Domestic violence charges have the power to turn peoples’ lives upside down, especially when the complainant is their long-time partner or when they have children together. On top of the stress and stigma attached to the accusation itself, the conditions imposed (moving into a new apartment, prohibiting communication, etc.) can upend lives and often add insult to injury.
We know that most people faced with domestic violence charges want their lives to go back to the way they were and that it can often feel as though the duration of the ordeal alone is a punishment. It can feel particularly frustrating when the complexity of a long-standing relationship is reduced down to words on a police report that are devoid of context and that paint only one side as an aggressor. We understand that there are two sides to every story and we’re committed to fighting for you.
What to Do if You Have Been Charged with a Domestic Violence Offence
Remain Silent and Speak to a Lawyer
If you’ve been charged with a domestic violence offence, it is absolutely vital that you exercise your right to consult with a lawyer immediately. More importantly, you should invoke your right to remain silent, and refrain from incriminating yourself by making any statements to the police.
You should not be providing any evidence to the police that can (and will) later be used against you at trial.
The role of the police officer is not to be judge and jury; they are not there to hear your side of the story and evaluate it on its merits. Their role is to gather evidence of the crime that they’re investigating with the goal of aiding the prosecutor in securing a conviction. Therefore, you should not be discussing this matter with anyone other than your lawyer.
Mentally Prepare Your Defence
Generally speaking, if you have a good recollection about the events in question, it is usually a good idea that you reflect upon your version of events, and especially take note of:
- Potential witnesses who can corroborate your account
- Text messages exchanged (or any evidence that may be useful down the line)
- Evidence regarding your whereabouts that can provide an alibi
- Injuries that you may have
STEP INTO OUR OFFICE
UNDERSTANDING DOMESTIC VIOLENCE OFFENCES AND WHAT TO EXPECT
What is domestic violence?
While domestic violence is not a particular crime within the Criminal Code, it essentially entails any violent offence against an intimate partner. Domestic violence charges typically takes the form of: assault (s. 266), assault with a weapon (s. 267(a)), assault causing bodily harm (s. 267(b)), choking (s. 267(c)), aggravated assault (s. 268), uttering threats (s. 264.1), forcible confinement (s. 279(2)), criminal harassment (264(1)), etc.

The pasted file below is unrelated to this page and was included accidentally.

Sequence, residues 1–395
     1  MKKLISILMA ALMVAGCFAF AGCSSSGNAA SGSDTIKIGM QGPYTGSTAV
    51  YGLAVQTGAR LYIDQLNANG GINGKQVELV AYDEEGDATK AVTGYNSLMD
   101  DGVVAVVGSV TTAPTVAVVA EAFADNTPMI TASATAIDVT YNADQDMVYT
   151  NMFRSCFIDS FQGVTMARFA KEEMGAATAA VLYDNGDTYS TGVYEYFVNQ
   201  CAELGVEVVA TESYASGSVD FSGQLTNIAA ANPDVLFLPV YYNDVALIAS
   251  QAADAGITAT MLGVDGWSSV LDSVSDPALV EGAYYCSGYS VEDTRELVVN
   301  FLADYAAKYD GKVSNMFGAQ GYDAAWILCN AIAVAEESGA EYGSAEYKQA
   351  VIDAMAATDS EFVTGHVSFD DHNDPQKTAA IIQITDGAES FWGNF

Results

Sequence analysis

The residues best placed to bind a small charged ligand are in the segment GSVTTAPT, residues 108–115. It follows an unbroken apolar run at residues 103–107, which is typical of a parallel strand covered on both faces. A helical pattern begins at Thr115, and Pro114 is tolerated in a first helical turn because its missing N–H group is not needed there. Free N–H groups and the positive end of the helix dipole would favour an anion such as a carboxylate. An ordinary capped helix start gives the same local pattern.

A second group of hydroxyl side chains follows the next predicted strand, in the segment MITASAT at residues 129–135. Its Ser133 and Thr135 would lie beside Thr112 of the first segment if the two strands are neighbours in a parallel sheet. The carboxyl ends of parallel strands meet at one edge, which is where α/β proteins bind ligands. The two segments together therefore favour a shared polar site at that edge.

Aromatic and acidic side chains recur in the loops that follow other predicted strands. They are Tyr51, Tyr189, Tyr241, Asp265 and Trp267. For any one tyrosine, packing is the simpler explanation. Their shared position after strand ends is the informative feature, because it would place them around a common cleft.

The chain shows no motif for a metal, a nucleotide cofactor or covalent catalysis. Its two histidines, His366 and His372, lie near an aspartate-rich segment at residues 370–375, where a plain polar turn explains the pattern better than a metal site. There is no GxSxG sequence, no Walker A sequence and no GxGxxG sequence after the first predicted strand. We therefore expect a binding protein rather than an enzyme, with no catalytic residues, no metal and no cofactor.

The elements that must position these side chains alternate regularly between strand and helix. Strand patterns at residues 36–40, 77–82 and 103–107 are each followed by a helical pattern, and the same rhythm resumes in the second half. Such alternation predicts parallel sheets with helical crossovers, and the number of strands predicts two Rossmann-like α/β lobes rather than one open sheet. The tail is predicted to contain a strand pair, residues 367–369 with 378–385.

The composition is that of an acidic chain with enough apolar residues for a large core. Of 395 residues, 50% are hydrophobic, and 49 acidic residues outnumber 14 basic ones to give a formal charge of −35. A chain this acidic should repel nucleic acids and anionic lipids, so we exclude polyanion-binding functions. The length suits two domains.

What happens if you breach your conditions?
If you fail to follow your conditions, you could be arrested for breach of conditions and given additional charges; this could result in you even being detained pending trial or viewed as an aggravating factor in sentencing.
Can my conditions be modified?
If the complainant wants your conditions changed and/or there has been a material change in circumstances since your initial arrest so as to render your current conditions either oppressive or obsolete, you can certainly attempt to have your conditions modified. This can be done either with the consent of the prosecutor or by an application to the Superior Court.
What happens if I’m convicted of a domestic violence offence?
Section 718.2(a)(ii) of the Criminal Code explicitly lists domestic violence as an aggravating factor in sentencing, making lenient sentences more difficult to obtain (although, not impossible). While there are no mandatory minimum sentences for assault (so discharges are available), the sentencing directives tend to act as de facto mandatory minimums, as serious or lengthy instances of domestic violence can result in harsher sentences.
What defences are available for domestic violence offences?
Generally speaking, given the nature of the allegations, the most common defences in this context are that the events in question never took place (they were fabricated by the complainant) or that you were acting in self-defence.
I’ve been charged with a sexual offence, how can this file be resolved?
The method of resolution for domestic violence files will almost entirely depend on your relationship and future with the complainant. Given the extremely messy (and often traumatic) nature of a domestic violence trial, we try to resolve these files via negotiation virtually every time.